Video: Kenzie races Mosport in a Mini
I had never raced one on a track. As Joni Mitchell sang, Life is for learning.
The image of cars in a showroom
I first met Alain Lauzière when I was running a BMW 318is in the Firestone Firehawk Showroom Stock racing series back in the early 1990s. He was a friend of our top driver, Jeff Lorriman, and helped crew the car.
As partial thanks for his efforts, we let Alain run a race near the end of the season.
He was instantly faster than I was.
Darn, these French-Canadian kids all seem to have the Villeneuve gene.
Lauzière now works for BMW/Mini Canada in Montreal. Three years ago he decided to get back into racing. He acquired a badly bashed Mini Cooper S with the John Cooper Works package on it from the States.
With help from Vic Simone in Newmarket, Jeff Lorriman, Kevin Abe and a few other friends, he put the bits from the crashed car – including the bottom end of the engine with 37,000 km on it – into a new body shell.
He won the Ontario GT class championship in 2006, and the Castrol Touring Car Championship (Touring division) last year.
Various constraints have meant a reduced race schedule for Lauzière this year. As the season was drawing to a close and he wasn’t in contention for the Castrol championship again, he offered me a chance to race the car last weekend at Mosport.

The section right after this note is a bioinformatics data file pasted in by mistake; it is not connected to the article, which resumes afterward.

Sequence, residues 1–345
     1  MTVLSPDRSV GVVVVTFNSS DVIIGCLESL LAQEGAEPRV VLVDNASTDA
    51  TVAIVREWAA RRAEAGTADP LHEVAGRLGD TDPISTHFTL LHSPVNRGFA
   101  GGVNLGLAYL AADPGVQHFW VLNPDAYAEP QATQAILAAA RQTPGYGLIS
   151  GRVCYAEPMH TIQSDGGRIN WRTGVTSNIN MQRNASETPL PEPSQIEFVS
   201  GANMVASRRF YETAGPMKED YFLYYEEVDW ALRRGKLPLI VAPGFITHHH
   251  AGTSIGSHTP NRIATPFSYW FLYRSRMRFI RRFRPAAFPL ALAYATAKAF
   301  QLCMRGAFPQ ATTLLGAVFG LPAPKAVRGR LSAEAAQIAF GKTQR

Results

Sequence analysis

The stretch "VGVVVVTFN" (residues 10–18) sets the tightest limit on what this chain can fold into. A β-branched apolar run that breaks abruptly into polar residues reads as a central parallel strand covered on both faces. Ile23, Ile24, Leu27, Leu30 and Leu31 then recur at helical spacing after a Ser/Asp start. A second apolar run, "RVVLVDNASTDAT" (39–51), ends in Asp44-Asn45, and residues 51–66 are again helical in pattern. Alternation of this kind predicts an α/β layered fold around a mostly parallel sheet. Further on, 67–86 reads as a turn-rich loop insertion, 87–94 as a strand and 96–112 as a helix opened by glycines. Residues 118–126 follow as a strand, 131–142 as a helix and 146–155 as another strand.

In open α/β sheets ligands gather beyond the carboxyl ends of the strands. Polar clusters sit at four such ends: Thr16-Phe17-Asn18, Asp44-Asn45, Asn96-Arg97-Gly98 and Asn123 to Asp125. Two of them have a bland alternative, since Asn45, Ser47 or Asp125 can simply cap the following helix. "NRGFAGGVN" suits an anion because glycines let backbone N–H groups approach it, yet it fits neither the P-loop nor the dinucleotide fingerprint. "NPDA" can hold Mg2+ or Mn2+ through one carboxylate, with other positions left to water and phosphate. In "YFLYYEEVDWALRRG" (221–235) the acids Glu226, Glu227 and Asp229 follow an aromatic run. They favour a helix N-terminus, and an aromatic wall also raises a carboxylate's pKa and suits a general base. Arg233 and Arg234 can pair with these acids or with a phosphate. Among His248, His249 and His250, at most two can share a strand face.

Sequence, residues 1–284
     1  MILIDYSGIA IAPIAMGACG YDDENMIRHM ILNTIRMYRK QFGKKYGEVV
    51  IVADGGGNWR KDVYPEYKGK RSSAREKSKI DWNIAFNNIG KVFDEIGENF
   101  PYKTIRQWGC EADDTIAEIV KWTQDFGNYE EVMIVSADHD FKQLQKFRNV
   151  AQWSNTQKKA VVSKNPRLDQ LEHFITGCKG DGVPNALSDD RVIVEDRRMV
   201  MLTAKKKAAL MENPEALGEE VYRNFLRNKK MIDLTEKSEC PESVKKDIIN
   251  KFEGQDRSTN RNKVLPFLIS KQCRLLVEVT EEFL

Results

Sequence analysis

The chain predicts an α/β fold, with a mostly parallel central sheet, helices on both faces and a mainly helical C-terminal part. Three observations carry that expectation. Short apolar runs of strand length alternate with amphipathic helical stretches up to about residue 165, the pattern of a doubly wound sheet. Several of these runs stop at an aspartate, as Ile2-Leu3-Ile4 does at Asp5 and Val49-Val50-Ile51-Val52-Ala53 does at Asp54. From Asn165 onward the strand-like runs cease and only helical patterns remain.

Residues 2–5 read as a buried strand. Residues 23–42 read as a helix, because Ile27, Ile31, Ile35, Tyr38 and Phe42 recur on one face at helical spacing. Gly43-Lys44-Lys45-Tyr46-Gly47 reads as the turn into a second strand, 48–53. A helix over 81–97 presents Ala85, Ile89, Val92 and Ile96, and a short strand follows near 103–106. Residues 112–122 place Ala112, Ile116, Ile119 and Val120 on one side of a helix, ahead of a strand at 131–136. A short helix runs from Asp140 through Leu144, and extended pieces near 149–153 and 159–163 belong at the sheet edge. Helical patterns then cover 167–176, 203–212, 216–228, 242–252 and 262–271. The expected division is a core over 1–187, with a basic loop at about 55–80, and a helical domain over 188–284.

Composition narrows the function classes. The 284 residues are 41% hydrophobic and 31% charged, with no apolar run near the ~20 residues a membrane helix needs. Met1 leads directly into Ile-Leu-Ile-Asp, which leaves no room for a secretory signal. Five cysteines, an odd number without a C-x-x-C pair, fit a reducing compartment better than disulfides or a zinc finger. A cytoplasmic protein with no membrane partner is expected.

Let me think abou … YES! I have a fair amount of experience in the Cooper S JCW – I run one in the Targa Newfoundland rally which is coming up a week from next Monday (more in next week’s Wheels).
However, I had never raced one on a track. As Joni Mitchell sang, “Life is for learning.”
The first practice session was to be at 9 a.m. Saturday. I live an hour and a half from the track, and Alain wanted me there early so we could fit me into the seat, adjust the seatbelts, etc.
For someone who normally gets up at the crack of noon, this was looking like the toughest part of the job.
Got there in time. Fitted into the car fine. Could have got another hour’s sleep.
I was more than a little apprehensive when I headed out for practice in the stunning bright orange Mini (apparently, a Camaro colour from the early 1970s). First, there are a lot of places at Mosport where you can fatally kill yourself. (I actually heard that phrase once on a Buffalo TV newscast.)